I've cooked my way through all 264 recipes
in The New Mediterranean Diet Cookbook!

April 25, 2010

Lots of Mezze!

Matt and I were hosting a little party yesterday, which was the perfect excuse to make some delicious mezze dishes. It rained and we had to cancel, but yummy food was still consumed.

Marinated Olives (p. 47)
This is an easy recipe that can be made in advance and stored in the fridge for several weeks. Take drained black olives and put them in a bowl. Pare the skin in thin strips off of two lemons -- I actually used my vegetable peeler to peel wide chunks away that I then sliced more thinly. Peel away the white skin of the lemon, and cut the fruit into narrow strips, removing any seeds that you come across. Combine these ingredients with the olives and add red chili pepper, sweet paprika, and cumin.

(All the delicious things that get added in)

Mix the dish thoroughly and then add olive oil. Mix again, and set aside for at least a few hours for the flavors to develop in the olives. Serve at room temperature.

These are very very citrus-y -- next time I would potentially use a little less lemon and more of the spices. Still, very tasty.

Roasted Almonds (p. 51)
This was an incredibly time consuming recipe because the skins need to be removed from the almonds before they can be baked. To do so, you boil a pot of water and add the almonds for about a minute. Put them in a colander and, once they're cool enough to touch, husk the skins away from each almond. (It took forever. I brought a stool over to my sink so I could sit hunched over the almonds -- I watched two half hour shows on Hulu before I was done.) Once the shells are all removed, the almonds are cooked for five minutes and then removed from the oven to mix them with olive oil and salt. They're cooked ten minutes longer and then sit for several hours before serving.

These were one of the favorites for the evening. Lightly salted, crunchy, etc.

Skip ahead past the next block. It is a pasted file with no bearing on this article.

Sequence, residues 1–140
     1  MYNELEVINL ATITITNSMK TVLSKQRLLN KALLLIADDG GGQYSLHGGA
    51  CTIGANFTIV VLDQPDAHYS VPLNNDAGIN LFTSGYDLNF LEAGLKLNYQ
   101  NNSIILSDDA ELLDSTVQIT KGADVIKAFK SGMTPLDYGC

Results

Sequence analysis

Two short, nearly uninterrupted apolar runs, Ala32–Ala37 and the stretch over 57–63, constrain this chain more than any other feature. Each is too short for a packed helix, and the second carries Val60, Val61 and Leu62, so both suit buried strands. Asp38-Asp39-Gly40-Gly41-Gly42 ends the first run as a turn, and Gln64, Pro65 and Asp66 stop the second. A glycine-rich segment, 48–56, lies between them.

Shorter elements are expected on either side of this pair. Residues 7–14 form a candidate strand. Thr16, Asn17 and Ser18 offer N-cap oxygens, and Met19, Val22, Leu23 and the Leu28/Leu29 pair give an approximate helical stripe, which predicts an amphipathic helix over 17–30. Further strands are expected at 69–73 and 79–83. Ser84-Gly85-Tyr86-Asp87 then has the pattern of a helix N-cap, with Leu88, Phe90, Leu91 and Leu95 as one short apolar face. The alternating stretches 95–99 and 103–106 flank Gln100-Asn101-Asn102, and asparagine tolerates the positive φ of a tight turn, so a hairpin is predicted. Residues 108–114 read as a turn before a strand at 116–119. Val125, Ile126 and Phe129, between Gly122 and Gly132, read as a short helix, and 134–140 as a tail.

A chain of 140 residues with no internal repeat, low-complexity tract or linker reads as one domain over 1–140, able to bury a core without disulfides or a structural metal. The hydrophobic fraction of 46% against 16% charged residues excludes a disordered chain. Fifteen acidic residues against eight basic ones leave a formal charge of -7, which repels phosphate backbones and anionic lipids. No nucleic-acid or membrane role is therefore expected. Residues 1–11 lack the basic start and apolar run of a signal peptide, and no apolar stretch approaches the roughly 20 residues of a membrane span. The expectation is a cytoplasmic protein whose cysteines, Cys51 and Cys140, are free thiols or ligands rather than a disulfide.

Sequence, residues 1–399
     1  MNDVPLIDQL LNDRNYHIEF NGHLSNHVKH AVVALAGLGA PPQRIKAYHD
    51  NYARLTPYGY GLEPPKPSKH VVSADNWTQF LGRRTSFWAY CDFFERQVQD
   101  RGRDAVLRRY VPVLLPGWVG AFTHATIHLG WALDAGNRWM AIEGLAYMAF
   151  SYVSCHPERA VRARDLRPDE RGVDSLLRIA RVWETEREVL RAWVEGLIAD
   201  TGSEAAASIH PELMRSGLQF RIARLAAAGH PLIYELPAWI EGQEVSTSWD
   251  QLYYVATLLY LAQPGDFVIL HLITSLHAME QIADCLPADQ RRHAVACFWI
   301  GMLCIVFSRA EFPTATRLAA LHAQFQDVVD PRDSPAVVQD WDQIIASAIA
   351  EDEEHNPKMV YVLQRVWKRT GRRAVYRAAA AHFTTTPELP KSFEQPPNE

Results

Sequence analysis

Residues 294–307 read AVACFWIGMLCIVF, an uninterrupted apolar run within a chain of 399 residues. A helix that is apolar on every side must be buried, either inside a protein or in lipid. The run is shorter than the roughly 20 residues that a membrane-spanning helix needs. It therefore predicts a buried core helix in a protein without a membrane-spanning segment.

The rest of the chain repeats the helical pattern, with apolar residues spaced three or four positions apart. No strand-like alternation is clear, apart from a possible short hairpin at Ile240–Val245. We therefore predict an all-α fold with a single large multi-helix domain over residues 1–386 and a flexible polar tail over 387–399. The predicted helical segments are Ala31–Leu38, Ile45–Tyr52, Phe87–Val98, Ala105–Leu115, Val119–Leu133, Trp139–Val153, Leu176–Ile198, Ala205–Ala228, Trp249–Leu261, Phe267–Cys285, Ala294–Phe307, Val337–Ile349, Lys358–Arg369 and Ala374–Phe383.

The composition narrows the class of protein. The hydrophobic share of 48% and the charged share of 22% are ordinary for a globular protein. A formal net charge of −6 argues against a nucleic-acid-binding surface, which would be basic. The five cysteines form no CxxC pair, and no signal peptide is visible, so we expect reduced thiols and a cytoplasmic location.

Provencal Anchovy Dip (p.53)
This is a super simple and fast recipe -- in a food processor, puree garlic and anchovies, and then slowly add butter (!), olive oil, and red wine vinegar. Chuck some freshly ground black pepper on that and you're good to go.

This didn't photograph well, but it was delicious. It was really flavorful and could potentially even be used on a sandwich as a mustard replacement.

Chickpea Salad (p.54)
Really, this is hummus, or hummus bi tahini. It can also be used as a garnish for lamb. I've made hummus before, but never using dried chickpeas, only with the canned type. The chickpeas soak overnight and are then simmered in boiling water for about half an hour to soften them. They are pureed in a food processor, along with some leftover water that they were cooked in, until they are coarse and grainy. The puree is then mixed with tahini, sesame oil, salt, cumin, a lot of lemon juice, and garlic. A garnish of olive oil and hot pepper flakes is added to the top, along with parsley, which I neglected to do. The recipe also instructs you to save a few whole chickpeas to put in a garnish on top, which was very cute.

The hummus was good, but a little too thick at first. I thinned it out with a little water, and also added additional garlic. I think we're spoiled by Trader Joe's hummus, which we love. This was pretty good, but we had hoped for a little more of a flavor punch.

And for dessert, peanut butter pie. Which is in no way Mediterranean, but is in every way delicious.

black olives -- $3.60
lemon -- .69
Total Cost of Marinated Olives: $4.29 (I halved this recipe)

almonds -- $5.99
Total Cost of Roasted Almonds: $5.99

Total Cost of Provencal Anchovy Dip: Free!

dried chickpeas -- $1.39
2 lemons -- $1.09
Total Cost of Chickpea Salad: $2.48

All of these make a ton of food, and cheap!

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Thanks for dropping by! Love, Katrina.